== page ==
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Penn breaks ground for E. Toledo casino

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From left, Lucas County Commissioner Pete Gerken, Eric Schippers and Tim Wilmont of Penn National, Mayor Mike Bell and Deputy Mayor Steve Herwat break ground at the Miami Street site of the new Hollywood Casino.

The Blade/Amy Voigt
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Hooray for hollywood

Tucked in among the state and local dignitaries celebrating the $250 million casino that will soon be taking shape in East Toledo, Ginny Birkenkamp and George Maxon sat and watched the festivities Thursday with smiles.

The South Toledo retirees count themselves among the future customers of Hollywood Casino Toledo - a 290,000-square-foot complex that is to have 2,000 slot machines, 60 table games, and a 20-table poker room.

"We're not big heavy gamblers," Ms. Birkenkamp explained. "We don't like to lose a lot and we don't win a lot, but we do frequent casinos when we travel."

Mr. Maxon said they have visited a Hollywood Casino and liked it.

"We like them all - if we can come out smiling," he said.

Penn National Gaming, Inc., which also owns Raceway Park, turned the first shovel of dirt Thursday at the former industrial site on Miami Street just west of I-75, marking the start of a nearly two-year construction project.

The casino will be the first of four planned in Ohio after voters approved a constitutional amendment in November, 2009, to authorize casinos in Toledo, Columbus, Cincinnati, and Cleveland.

Penn National President and Chief Operating Officer Tim Wilmott said the project is expected to create 2,100 construction jobs in the short term and 1,200 permanent jobs when the casino opens in the first half of 2012.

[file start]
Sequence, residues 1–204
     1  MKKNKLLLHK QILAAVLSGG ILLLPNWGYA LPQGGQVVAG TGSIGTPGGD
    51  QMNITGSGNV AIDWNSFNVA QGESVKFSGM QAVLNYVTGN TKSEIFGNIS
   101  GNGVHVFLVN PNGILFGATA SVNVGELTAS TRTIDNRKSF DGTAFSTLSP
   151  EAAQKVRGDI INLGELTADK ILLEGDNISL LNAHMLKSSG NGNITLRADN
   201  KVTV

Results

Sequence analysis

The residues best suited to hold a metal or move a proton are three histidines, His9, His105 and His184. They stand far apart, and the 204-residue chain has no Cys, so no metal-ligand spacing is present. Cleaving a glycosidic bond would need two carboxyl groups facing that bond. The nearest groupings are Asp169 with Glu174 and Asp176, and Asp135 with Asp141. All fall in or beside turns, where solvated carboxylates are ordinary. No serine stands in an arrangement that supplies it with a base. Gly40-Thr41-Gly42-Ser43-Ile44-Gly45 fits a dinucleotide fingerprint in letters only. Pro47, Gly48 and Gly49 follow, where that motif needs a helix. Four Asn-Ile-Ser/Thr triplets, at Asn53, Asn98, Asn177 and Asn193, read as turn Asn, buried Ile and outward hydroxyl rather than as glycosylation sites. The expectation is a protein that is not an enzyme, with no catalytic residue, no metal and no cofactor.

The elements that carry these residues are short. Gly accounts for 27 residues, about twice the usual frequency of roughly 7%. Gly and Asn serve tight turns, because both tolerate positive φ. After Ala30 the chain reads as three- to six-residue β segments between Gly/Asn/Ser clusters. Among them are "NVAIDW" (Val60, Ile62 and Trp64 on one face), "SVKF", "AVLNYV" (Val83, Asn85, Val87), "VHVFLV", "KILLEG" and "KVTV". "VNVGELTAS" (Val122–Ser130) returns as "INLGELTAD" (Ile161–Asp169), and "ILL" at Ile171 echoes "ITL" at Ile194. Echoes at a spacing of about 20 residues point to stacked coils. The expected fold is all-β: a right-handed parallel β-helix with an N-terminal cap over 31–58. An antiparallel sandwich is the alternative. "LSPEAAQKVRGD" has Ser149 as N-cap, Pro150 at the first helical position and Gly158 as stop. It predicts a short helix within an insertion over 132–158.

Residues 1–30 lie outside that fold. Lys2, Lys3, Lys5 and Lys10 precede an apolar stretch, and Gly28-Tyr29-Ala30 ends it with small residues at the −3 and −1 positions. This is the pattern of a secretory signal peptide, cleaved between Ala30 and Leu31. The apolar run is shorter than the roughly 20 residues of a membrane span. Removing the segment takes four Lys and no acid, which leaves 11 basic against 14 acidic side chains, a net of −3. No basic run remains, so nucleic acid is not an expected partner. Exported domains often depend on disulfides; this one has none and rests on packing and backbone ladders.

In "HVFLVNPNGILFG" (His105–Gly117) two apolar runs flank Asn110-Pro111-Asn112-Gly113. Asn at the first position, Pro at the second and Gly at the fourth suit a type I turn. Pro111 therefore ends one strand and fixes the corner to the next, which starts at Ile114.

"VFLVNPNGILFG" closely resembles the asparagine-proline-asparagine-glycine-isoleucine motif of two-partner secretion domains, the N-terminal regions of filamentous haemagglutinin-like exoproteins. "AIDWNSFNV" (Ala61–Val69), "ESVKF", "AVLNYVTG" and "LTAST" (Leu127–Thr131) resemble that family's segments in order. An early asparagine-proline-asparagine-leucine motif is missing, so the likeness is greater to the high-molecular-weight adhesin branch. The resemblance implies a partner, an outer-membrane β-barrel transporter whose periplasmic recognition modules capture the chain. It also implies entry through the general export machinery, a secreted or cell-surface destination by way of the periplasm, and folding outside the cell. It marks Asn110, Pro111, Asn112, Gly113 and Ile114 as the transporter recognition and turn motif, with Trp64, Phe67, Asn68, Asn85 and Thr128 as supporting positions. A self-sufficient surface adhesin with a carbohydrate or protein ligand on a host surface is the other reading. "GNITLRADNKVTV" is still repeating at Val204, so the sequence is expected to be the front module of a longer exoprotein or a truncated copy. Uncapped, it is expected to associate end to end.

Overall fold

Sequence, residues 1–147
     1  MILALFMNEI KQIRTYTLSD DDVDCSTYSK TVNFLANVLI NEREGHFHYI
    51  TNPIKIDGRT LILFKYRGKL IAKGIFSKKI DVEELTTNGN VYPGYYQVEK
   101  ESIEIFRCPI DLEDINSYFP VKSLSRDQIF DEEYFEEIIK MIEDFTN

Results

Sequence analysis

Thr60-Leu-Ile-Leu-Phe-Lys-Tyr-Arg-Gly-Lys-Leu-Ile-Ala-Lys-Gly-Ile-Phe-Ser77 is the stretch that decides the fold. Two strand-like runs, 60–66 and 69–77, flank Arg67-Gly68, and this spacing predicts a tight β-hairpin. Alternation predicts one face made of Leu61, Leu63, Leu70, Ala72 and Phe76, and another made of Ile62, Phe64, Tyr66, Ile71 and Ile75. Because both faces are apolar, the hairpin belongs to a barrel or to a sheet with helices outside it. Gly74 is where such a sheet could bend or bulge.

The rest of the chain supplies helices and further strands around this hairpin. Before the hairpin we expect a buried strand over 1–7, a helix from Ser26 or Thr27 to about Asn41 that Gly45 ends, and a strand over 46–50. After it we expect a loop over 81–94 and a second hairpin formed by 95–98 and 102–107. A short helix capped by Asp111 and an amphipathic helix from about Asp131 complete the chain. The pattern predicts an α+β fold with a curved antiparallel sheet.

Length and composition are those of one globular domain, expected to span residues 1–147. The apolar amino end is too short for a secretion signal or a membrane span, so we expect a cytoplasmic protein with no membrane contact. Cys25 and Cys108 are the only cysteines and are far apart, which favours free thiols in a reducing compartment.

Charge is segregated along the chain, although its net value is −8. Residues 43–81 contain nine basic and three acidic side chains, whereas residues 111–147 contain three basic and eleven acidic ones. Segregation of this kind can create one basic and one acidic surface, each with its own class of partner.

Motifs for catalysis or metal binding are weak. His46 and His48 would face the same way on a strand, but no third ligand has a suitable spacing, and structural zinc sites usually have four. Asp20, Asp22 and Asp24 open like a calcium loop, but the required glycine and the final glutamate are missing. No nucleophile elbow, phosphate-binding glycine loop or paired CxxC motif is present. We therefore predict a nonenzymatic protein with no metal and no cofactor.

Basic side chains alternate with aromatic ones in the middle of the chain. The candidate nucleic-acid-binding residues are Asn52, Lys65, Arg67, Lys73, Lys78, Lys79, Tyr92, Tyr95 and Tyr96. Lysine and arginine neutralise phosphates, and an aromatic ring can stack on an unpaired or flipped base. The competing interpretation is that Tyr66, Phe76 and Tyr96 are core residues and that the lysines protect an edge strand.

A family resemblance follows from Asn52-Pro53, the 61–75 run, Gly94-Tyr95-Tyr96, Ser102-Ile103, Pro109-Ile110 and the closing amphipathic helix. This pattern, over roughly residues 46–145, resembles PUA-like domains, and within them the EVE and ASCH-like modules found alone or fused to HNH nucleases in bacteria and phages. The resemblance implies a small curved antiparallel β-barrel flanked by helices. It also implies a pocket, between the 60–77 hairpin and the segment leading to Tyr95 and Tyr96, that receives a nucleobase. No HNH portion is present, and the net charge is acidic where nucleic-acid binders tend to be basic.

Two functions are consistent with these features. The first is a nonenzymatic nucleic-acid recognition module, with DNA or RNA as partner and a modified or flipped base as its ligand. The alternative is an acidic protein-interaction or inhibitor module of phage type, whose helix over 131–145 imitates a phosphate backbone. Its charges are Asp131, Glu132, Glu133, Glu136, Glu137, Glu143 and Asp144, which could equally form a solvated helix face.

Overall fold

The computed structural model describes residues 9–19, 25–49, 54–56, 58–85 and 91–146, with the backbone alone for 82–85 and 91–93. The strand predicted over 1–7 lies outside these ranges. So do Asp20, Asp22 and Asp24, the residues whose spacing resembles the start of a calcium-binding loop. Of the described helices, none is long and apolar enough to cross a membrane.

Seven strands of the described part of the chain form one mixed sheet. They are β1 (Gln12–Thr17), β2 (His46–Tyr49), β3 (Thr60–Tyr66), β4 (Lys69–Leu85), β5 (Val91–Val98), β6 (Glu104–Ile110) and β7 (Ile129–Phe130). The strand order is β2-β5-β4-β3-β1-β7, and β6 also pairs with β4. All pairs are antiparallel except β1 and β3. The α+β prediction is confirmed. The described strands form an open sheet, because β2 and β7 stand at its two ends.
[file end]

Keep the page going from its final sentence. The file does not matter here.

"This is really the first day if you'll listen very, very clearly, you'll hear that sucking sound of business starting to come back from Detroit," Mr. Wilmott told a tent packed with supporters from government, business, and labor.

The casino will feature a 1930s Art Deco Hollywood theme similar to Penn National's Hollywood Casinos in Pennsylvania, Indiana, Louisiana, Maine, West Virginia, and Illinois.

The company plans to break ground early next year on Hollywood Casino Columbus.

Toledo Mayor Mike Bell said the 24-hour casino is a badly needed shot in the arm for northwest Ohio.

"We have to start working together because if we don't fix this ship here, we're all going to sink, and Penn National has given us a life preserver," Mr. Bell said. "They've given us the opportunity to be able to move forward in a direction that will create jobs, that will make people once again feel proud about what they're doing, and they'll be able to feed their families, they'll be able to shelter themselves, they'll be able to spend money in our city, and that is so important."

The mayor happily accepted a check for $1,038,613 from Wyomissing, Pa.-based Penn National - reimbursement for street and utility improvements that the city has made at the site.

Steve Herwat, Toledo's deputy mayor of operations, said afterward that $654,000 of that amount had come out of the capital improvement fund but would be rerouted to the city's general fund to help balance the 2010 budget. The remainder would go back to the water and sewer fund.

Penn National officials said the riverfront casino is projected to generate $25.3 million in annual tax revenue for Toledo, Lucas County, and the school districts in Lucas County.

Maumee Mayor Tim Wagener was among the area officials who cheered on the development Thursday.

"I couldn't be more excited," he said. "Anything that helps the region, and this will be extremely beneficial to the whole region."

Mr. Wilmott credited former Toledo Mayor Carty Finkbeiner with being "the first mayor in the state of Ohio to say 'I want this to happen in the community.'•"

Mr. Finkbeiner said afterward that he didn't view a casino as an economic life preserver, but as an important way to capitalize on Toledo's riverfront.

"I felt like it was time for us to take one more step forward with an alternative form of entertainment and economic development," he said. "It's not the answer, but it's another option."

Lucas County Commissioner Pete Gerken predicted the casino would "change the fabric" of Toledo much like two other significant projects did - the $1.2 billion Jeep plant and the $105 million arena in downtown Toledo.

"This is a game changer. We're happy to have the partnership," Mr. Gerken said.

Penn National has promised to hire at least 90 percent of its work force from metropolitan Toledo. Mr. Wilmott said he anticipates applications will be accepted beginning in the summer of 2011.

Persons interested in jobs at the new casino may register for employment announcements at www.hollywoodcasino-toledo.com.

Contact Jennifer Feehan at:

jfeehan@theblade.com

or 419-724-6129.

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